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Home » Naso

Naso: Food for Thought for Your Dinner Table

Submitted by on May 30, 2008 – 3:56 pmNo Comment | 1,529 views

Sunday: Never Too Late

The Levites began to serve in the sanctuary at the age of thirty and their primary task was transporting the sanctuary across the desert. The desert is an arid environment with no water. Water is a symbol for the Torah. On a spiritual plane, the desert represents a state of mind that is devoid of Torah and spirituality. The Levites, who transported the sanctuary across the desert, symbolically offered the fountain of Torah to the spiritual deserts of mankind.

Our own lives can also sometimes look like spiritual deserts and we too must take up the Levite’s duty of refreshing our lives through spirituality and Torah. Lest we despair by thinking that we are too old and it is too late to turn over a new leaf we are reminded that the Levites were thirty years old before they even began their work. Likutei Sichos

Monday: White Theft

The Torah portion that speaks of the general prohibition against theft also mentions the prohibition of stealing from a proselyte, who passes on with no living relatives. The proximity of these concepts teaches us a lesson about theft. Theft is not wrong because the victim is made to suffer, it is wrong because it is intrinsically immoral. The proselyte who passes on with no family will leave no heirs to miss the stolen goods. Nevertheless theft is forbidden. It is intrinsically and morally wrong. Derash Moshe

Tuesday: True Possessions

“The consecration offerings of each individual remain his own property.” The literal meaning of these words is that the prerogative over which priest or Levite receives one’s priestly offerings belongs to the Israelite who makes the offering. An alternate, less literal, reading of these words is as follows: The only things that belong to us, truly and completely, are our good deeds. Our monetary gains, social fame and material achievements do not accompany us on our final journey. The only possession that accompanies on our journey to heaven, are our consecrated acts – our Mitzvot. Chafetz Chayim

Wednesday: Honor by Association

“I will link my name with the children of Israel.” Society accords privileged status to associates of a privileged person e.g. the wife of the president is honored as the first lady. In this blessing G-d promises that our nation will be accorded special honor and singled out for special treatment because we will be associated with G-d, the creator of all humanity. His name will be linked with us and we will thus be honored. Avodas Yisroel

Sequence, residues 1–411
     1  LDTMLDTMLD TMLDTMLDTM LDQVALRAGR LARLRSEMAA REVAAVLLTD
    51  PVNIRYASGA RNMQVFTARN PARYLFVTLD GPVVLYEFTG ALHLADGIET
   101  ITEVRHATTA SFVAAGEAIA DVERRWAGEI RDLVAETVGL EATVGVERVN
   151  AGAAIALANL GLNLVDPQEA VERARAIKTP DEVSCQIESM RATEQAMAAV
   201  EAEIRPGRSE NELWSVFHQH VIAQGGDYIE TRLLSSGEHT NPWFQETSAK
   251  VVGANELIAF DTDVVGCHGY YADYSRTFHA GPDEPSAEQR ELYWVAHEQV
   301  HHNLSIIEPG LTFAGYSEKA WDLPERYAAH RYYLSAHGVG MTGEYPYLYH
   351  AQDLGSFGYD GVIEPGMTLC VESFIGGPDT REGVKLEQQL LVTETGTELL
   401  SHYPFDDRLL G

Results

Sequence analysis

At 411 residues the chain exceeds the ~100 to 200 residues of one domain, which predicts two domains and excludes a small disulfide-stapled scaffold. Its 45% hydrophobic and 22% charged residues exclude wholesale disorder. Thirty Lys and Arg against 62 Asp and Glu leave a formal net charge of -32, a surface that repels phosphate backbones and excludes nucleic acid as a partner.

Thursday: Equality = Peace

The second tribal prince to deliver the inaugural offering was Netanel Ben Tzuar, prince of Yissachar. Yissachor was Yaakov’s fifth son, why did his tribe deliver the second offering? The Midrash relates that the idea of an inaugural offering was suggested by Netanel, prince of Yissachor. Furthermore, it was he who suggested that all the tribes offer the same sacrifice, thus ensuring equality and unity among them. G-d was enthralled by the suggestion and declared: “You have ensured equality and peace among you. I would like to join you as well. Take my Shabbat.” Personal offerings are usually forbidden on Shabbat, but in this case G-d made an exception and allowed the offering to be brought on Shabbat. Midrash Rabba

Friday: A name

Every name cited in the Torah has meaning. As an example we will review the name Achiezer son of Amisha-dai, prince of the tribe of Dan. Achiezer means assisting my brother, which refers to Shimshon the mighty, who hailed from the tribe of Dan. Shimshon was graced with the spirit of the Divine and is thus described by G-d as my brother. Shimshon, G-d endowed his “brother,” Shimshon with superhuman strength hence the term, assisting my brother.

Amisha-dai, means G-d is with me. This is precisely the prayer that Shimshon offered (using this particular Divine name) when he asked for one final burst of strength to help him destroy the Philistine stronghold and defeat the enemy of Israel. Or Hachayim

Shabbat: Silent Commands

When Moses entered the sanctuary he heard the Divine voice speaking as if to itself. To Moses it felt as if he were eavesdropping on a conversation G-d was having with Himself.

G-d issues a continuous chain of commands though He issues them quietly; speaking, as if, to Himself. Moses was able to hear these voices though we are not. Yet we know that when we travel from one city to another it is decreed in heaven that we make this journey. We don’t hear the decree and don’t know the Divine purpose of our travels yet we are certain that wherever we are, it is with Divine purpose. Our travels are no different from Abraham’s Biblical journey, which was commanded by G-d. The only difference between Abraham and us is that Abraham heard the command while we must believe it.
Derash Moshe

Edited by Rabbi Yeruchem Eilfort, Director of Chabad at La Costa.

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